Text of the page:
Kenyan Prime Minister Raila Odinga is leading the African Union in pressing Ivorian leaders to settle a political dispute that is pushing the country closer to civil conflict.
Gbagbo, the incumbent president, has refused to step down despite international recognition that his rival Alassane Ouattara won a November election meant to unite a country divided by a 2002 civil war.
Odinga told al-Jazeera that it seemed Gbagbo was starting to understand the severity of the situation.
"I think Gbagbo now appreciates the gravity of the situation, the dangers that there are in terms of possibilities of violent confrontations between the two camps, with the possibility of the loss of life," the Kenyan leader was quoted as saying.
The AU joined members of the Economic Community of West African States in intervening in the political crisis. ECOWAS said it would consider military force to depose Gbagbo, though bilateral sentiments had moved toward peace early this week.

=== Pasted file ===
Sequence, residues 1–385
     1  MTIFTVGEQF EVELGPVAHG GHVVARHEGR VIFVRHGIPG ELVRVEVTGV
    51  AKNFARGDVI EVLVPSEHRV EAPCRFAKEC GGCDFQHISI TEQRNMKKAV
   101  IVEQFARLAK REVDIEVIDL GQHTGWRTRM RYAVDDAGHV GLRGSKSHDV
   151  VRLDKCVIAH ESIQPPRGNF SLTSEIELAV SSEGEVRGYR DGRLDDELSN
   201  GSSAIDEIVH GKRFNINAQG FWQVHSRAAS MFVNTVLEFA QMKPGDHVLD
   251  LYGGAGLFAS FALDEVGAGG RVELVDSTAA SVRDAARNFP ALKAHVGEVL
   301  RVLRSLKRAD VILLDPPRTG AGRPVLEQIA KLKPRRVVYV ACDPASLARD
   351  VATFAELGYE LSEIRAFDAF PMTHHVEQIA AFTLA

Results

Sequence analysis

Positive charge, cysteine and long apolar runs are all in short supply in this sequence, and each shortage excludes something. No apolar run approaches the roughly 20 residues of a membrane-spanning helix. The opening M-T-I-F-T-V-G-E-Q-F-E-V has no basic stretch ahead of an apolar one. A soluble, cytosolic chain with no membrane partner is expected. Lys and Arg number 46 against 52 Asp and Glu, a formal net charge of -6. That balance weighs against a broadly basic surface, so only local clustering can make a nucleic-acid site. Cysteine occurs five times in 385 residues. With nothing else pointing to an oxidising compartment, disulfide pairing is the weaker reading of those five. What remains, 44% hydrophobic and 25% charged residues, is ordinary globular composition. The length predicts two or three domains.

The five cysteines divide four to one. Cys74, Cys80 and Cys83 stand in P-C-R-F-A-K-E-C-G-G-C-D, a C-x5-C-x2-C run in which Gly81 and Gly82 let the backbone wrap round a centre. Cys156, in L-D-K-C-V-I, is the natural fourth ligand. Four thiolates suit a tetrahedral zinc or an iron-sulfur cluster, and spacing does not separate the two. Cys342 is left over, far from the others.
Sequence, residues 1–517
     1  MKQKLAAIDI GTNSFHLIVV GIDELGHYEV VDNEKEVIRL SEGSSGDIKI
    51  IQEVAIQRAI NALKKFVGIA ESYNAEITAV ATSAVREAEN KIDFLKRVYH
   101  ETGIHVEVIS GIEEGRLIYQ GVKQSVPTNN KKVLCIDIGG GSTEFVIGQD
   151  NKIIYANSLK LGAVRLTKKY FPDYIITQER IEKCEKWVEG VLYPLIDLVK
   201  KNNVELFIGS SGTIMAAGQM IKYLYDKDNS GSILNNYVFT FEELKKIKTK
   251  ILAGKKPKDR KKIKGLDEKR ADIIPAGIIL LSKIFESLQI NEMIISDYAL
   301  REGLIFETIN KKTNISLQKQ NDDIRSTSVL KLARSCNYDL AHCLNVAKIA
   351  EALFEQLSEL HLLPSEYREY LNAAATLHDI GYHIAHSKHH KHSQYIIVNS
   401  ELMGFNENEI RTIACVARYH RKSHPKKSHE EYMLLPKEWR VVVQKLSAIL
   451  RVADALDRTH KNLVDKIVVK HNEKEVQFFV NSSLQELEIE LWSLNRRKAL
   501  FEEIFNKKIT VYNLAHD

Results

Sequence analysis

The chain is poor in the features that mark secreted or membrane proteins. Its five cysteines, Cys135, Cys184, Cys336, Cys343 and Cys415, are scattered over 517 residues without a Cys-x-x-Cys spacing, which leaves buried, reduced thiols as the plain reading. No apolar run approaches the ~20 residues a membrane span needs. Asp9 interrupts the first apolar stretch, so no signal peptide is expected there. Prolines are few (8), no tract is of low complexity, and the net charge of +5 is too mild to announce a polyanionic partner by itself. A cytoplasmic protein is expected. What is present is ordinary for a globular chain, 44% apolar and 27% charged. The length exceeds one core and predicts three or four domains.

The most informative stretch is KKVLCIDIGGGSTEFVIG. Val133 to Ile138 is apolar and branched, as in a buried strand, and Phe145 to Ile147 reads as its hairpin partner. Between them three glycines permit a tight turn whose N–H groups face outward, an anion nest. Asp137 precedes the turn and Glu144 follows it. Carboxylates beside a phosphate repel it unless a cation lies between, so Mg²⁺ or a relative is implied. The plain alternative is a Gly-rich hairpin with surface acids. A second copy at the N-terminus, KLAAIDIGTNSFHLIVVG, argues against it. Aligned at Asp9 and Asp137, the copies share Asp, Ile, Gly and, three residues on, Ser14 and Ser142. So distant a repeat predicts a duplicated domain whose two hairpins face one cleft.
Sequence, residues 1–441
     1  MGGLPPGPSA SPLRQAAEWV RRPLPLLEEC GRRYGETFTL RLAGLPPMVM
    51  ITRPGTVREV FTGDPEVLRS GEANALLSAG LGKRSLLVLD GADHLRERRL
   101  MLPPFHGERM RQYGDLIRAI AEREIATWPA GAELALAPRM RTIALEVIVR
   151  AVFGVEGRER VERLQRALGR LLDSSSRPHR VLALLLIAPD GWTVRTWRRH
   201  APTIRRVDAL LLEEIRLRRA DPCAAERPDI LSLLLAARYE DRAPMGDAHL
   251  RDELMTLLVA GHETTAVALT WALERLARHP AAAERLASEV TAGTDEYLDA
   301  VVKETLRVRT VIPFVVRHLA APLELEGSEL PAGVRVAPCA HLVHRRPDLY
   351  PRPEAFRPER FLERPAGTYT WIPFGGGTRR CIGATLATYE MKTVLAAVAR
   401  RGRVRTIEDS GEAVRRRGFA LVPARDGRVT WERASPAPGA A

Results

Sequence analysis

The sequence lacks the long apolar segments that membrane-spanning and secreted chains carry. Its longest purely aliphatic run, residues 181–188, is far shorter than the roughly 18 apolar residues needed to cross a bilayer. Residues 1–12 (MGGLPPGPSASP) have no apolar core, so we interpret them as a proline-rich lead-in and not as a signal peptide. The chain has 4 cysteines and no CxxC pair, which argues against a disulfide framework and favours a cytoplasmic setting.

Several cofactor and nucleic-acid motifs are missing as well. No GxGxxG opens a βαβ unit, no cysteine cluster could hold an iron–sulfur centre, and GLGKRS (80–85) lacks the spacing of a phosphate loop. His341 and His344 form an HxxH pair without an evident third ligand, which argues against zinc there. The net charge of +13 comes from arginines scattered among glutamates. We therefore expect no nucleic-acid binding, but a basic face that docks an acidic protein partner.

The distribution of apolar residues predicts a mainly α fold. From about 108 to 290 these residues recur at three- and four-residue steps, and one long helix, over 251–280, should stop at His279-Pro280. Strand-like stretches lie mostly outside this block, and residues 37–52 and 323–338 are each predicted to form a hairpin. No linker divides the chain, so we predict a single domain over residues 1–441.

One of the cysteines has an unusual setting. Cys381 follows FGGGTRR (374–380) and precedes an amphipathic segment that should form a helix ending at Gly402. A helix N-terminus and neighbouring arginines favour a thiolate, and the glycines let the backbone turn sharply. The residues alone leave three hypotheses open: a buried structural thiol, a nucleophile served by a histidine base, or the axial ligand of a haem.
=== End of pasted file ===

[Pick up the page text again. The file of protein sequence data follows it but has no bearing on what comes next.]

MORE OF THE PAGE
Though the two leaders have yet to reach a settlement, observers say it's likely Gbagbo would accept some sort of power-sharing deal.
Political violence in the Ivory Coast has left more than 170 people dead.
Ray Liotta sues skin care company over use of likeness
Aaron Carter is still in love with Hilary Duff